Yves, still pushing the envelope of flight, doing both dual sports in flying and waterskiing, had more time in his hands after the 2001 collapse of Swiss Air, which resulted in Yves being made redundant. Later, Yves would go on to say that “this was one of the most difficult periods of my life.” After a decade of working as a pilot and Captain for Swiss Air, he found himself jobless and depressed. To relieve this stress and depression, he would find himself in his garage, working on a way to fly horizontally.
A Jetman with Grit
Later, the urban myth of Yves’ revenge on a Swiss banker who foreclosed his airline—Swiss National Carrier—became legendary amongst his colleagues and other fellow pilots. When advised by his crew that one of the Swiss bankers who foreclosed Swiss Air was on his flight, he ordered them off the plane. When the banker refused, a huge argument ensued. The result being that Yves was grounded for a week; however, when asked by the media about the event he recounted, “I have no regrets. We must stand up to these disgusting, arrogant people.”
Yves also teamed up with a German company, Jet Cat, which made engines for model airplanes. At first, Yves attached some small engines to his gliding parachute/inflatable wing, which failed due to lack of rigidly in the sail. Fortunately, by 2004 he had developed his own prototype wing after investing over $190,000. Together, they developed small jet sized engines—the size of a thermo flask—with a thrust of 49 lbs. By attaching four of these engines to the fixed wing (instead of two) Yves was able to fly safely with power, just like a bird, for over 5 minutes at a time. Yves also prototyped and designed a harness to hold him on the wing, which was a major breakthrough as now he could fly as though he was a bird.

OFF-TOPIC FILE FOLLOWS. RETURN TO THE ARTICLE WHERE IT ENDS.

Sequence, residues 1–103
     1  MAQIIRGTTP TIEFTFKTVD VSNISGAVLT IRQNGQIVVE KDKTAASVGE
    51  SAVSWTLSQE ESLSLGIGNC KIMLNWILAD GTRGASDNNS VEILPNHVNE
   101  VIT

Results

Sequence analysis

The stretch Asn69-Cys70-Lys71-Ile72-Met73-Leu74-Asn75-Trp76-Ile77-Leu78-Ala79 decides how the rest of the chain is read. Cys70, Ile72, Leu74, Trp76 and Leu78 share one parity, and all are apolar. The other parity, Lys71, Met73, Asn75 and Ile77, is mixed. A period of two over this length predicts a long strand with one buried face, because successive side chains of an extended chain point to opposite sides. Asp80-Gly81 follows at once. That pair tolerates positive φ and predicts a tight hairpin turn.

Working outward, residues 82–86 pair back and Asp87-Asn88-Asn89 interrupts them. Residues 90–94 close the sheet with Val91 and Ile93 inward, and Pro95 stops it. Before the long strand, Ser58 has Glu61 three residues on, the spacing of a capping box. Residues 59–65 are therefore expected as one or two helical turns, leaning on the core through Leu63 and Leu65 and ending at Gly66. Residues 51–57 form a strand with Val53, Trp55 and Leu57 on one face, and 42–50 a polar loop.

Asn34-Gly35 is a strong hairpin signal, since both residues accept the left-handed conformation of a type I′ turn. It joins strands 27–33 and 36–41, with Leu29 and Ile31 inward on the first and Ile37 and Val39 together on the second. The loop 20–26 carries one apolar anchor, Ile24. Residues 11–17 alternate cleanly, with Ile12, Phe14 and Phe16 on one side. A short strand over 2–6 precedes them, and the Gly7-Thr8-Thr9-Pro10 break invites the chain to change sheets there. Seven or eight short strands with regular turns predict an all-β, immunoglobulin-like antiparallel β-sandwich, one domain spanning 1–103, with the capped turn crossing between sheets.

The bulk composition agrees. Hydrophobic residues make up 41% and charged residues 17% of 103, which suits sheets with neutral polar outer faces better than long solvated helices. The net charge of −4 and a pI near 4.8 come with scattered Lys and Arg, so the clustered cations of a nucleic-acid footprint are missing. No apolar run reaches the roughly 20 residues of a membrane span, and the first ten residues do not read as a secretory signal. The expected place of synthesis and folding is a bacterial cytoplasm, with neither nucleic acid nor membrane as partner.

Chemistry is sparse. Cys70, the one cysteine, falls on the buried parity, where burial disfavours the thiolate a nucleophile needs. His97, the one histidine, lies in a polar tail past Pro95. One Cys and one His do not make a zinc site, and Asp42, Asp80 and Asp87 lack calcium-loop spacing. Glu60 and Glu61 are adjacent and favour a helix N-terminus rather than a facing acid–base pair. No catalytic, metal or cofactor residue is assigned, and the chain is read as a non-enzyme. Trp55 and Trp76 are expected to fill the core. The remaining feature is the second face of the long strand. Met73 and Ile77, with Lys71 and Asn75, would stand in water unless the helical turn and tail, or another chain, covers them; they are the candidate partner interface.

Passion for Flying and Inventing
Yves’ passion also found head wind not only physically but also financially. Firstly, the Swiss Aviation Authority did not have a classification for Yves: “They could not decide what I was. With no wing, I was a parachutist. With a wing, I could be a hang-glider. But they had no category for a wing with an engine so, they called me a UFO.” And secondly, Yves was running out of money fast, spending over 25,000 pounds a year on his project; however, with growing interest, the Swiss watchmaker, Hublot, sponsored Yves, providing financial backing to make his dream a reality.